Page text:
It’s Time For a Fan Bill of Rights

James Carville

If you want to find me on a Saturday, chances are I’m watching my LSU Tigers. Sundays, it’s the Saints. During the week, it’s the Pelicans. During my time in Washington, baseball is the one place where I did catch a bit of Potomac Fever: I root for the Nationals. I even hosted a sports talk show on XM Radio for a time. Bottom line, my work in politics may have fed my family, but sports are what feeds my passion.

That’s why last week, you would have found me in New York at the Securing Sport conference hosted by the International Centre for Sport Security. While I was there, I had a chance to interview Sunil Gulati — the president of the U.S. Soccer Federation. We talked about soccer, corruption, safety, security, and of course, the fan experience.

When it came to that last point, we agreed that something seemed off. More and more money is pouring into the professional sports economy. The impact and influence of federations, leagues, and teams is bigger than ever before. And yet, the fans — the people whose passion and paychecks power the entire system — are silenced.

Why?

Why does it feel like sports fans everywhere are always on the wrong side of the deal?

I’ll tell you why, because no one is listening to us. Teams have press offices. Players have agents. But there’s no one to speak for the fans.

So, when a league signs a new, multi-million dollar TV deal — or when a team builds a new stadium with taxpayer money — what do the fans get?

Nothing!

Well, not nothing. They get increased ticket prices. Seats replaced with skyboxes. Concession stands that make it about as expensive to buy a beer and a hot dog than it is to take your family out to a four-star restaurant! For the average fan, access to sporting events is disappearing.

And the fan experience is worsening outside the stadium as well. The federal government is clamping down on sports betting (an activity I happen to enjoy, and one that, when properly regulated, poses no threat to the integrity of the game). But at the same time, it’s turning a blind-eye to fantasy sports — which are, what’s the word I’m looking for? Oh yeah, betting.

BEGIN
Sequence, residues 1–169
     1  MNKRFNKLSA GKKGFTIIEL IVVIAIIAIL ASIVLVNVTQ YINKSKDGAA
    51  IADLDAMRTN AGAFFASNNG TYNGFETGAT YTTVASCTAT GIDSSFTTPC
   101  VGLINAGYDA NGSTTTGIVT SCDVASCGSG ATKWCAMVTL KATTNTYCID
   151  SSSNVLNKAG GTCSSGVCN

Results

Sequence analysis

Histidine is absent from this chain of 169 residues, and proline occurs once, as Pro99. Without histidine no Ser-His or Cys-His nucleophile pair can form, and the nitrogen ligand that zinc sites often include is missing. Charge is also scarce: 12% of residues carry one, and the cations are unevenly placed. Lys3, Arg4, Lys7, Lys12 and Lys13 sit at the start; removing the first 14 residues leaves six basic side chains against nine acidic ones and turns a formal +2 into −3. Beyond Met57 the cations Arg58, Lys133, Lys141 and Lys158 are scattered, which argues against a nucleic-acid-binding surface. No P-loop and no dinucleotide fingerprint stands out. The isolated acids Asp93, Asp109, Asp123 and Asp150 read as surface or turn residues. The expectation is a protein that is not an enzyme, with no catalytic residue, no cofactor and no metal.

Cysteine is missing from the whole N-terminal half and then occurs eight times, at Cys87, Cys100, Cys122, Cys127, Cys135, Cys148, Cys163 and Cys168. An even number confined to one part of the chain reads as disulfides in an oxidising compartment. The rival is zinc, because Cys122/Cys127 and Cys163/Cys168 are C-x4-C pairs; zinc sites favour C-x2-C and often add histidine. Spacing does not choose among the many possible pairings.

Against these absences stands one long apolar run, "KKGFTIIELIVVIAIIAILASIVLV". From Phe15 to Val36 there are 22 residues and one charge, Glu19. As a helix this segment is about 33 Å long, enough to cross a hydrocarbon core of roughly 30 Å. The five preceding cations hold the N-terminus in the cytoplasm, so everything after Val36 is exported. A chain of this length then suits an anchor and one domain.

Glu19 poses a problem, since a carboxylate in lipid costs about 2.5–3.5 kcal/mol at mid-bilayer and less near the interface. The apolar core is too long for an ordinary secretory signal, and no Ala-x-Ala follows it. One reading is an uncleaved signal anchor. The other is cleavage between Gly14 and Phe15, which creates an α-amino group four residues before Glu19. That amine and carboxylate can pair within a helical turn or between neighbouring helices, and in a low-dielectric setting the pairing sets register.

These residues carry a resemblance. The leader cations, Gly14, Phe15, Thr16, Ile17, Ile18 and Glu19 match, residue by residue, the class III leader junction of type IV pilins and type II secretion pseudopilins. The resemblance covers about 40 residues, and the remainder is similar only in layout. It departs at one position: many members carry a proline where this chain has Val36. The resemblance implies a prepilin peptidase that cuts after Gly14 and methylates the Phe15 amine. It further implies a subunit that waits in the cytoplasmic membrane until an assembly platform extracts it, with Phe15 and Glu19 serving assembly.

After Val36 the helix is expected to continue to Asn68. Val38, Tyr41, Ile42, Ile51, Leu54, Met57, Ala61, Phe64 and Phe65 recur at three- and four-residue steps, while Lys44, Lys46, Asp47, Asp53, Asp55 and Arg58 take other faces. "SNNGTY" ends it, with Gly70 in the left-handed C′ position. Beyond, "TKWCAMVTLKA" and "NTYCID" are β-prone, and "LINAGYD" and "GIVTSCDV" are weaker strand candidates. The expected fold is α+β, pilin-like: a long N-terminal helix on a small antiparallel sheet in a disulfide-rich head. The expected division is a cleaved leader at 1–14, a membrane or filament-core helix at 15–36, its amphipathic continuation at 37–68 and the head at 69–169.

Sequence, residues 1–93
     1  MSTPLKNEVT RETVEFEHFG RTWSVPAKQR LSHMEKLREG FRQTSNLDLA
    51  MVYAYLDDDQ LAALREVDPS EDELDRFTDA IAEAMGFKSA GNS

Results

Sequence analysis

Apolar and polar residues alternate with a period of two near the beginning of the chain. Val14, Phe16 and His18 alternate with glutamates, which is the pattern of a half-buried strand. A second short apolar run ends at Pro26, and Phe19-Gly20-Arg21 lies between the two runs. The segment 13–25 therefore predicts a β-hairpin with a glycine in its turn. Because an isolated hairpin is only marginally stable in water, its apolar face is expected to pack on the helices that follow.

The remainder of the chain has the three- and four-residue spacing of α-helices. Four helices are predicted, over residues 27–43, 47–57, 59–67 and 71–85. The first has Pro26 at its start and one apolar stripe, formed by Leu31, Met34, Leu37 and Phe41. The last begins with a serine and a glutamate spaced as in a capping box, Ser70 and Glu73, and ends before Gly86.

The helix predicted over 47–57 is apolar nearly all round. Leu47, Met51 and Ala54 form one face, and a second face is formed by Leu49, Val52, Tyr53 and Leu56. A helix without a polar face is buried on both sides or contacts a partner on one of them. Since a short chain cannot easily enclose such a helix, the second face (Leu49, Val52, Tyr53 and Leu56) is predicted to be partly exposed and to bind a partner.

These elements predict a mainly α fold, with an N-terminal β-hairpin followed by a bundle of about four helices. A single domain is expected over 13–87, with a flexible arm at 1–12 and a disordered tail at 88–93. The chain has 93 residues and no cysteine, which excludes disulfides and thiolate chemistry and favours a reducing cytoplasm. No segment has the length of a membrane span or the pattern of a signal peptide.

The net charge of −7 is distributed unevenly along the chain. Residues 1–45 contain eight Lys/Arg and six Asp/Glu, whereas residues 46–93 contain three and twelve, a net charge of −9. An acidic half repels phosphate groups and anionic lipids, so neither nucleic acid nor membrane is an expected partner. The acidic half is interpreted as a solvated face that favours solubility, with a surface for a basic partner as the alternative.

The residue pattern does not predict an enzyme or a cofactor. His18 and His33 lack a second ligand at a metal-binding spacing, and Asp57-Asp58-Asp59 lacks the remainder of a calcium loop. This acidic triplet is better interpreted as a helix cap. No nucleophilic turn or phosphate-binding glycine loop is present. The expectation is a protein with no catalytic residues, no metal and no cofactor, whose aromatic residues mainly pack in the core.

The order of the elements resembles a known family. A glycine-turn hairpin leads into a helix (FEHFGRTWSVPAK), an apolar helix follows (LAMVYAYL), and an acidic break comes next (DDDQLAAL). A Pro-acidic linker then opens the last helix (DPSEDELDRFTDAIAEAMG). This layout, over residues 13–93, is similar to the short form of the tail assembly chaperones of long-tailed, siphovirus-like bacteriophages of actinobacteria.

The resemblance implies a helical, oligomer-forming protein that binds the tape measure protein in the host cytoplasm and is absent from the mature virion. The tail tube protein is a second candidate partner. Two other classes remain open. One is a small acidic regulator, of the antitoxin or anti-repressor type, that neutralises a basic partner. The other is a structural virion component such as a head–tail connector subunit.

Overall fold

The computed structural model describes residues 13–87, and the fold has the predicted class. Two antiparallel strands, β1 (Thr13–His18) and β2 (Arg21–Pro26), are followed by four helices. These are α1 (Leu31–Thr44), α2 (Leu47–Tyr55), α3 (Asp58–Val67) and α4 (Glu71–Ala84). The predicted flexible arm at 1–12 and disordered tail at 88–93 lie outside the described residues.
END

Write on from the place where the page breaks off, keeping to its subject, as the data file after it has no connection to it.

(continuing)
The government needs to start listening to the fans and give us what we want: legal, safe, and secure sports wagering and fantasy sports.

In fact, “giving the fans what they want” really should be everyone’s mantra. The people who regulate sports, along with the people who run them, have to see that without fans, the major American sports leagues would shrivel away.

Fans bring the energy, passion, and excitement to sports. We’re the ones who go to the stadium. We’re the ones who buy the jerseys. We’re the ones who watch with our children, and who make loving sports a family tradition.

Fans make the game.

Like I said, I’m a sports fan at heart, but I’ve made my living as a political consultant. I know the power of a grassroots campaign. And I know that if fans get organized around some core demands, and then get vocal about those demands, then the people in charge of sport will notice.

In that spirit, I’m asking you to join me and the International Centre for Sport Security in supporting this: a Fan Bill of Rights. It’s a set of ideas that protect the fan experience, and finally, levels the playing field. In the coming weeks we will be launching a nationwide grassroots call to action for people to co-sign with me.

I look forward to hearing from fans about their ideas for these principles.

We the fans believe that sports do not belong to one country, federation, league, team or owner. Sports belong so us — the ticket holders, the supporters, and the die-hards. Sports belong to the fans. We cheer in stadiums and arenas, but now, we want our voices heard.

We the fans request fair and transparent pricing, and more access to premier sporting events. Sports are meant for everyone, but increasingly, games are prohibitively expensive for the average fan to attend. When games are not affordable, the luxury boxes will be full, but the seats will be empty — and sports will have failed to live up to their promise.

We the fans recognize that fantasy sports, and sports betting are enormously popular and exciting ways to experience the games we love. But we also know that left unchecked, they are breeding grounds for insider trading, and match fixing. That’s why we call on our nation’s leaders to legalize and regulate fantasy sports and sports wagering — so we can enjoy them safely and responsibly

We the fans call for the creation of a Fan Dividend — a tangible reward for fans after a team or league completes any sort of major deal, such as a media rights contract, or new stadium. We’re not asking for teams to cut us a check, but we are asking them to show us some appreciation; maybe through ticket discounts, or access to special events. Fans are not just customers; they are the source of a team’s value. Fans create, build, and protect the brand. No sport could operate without them. Fans should be compensated accordingly.

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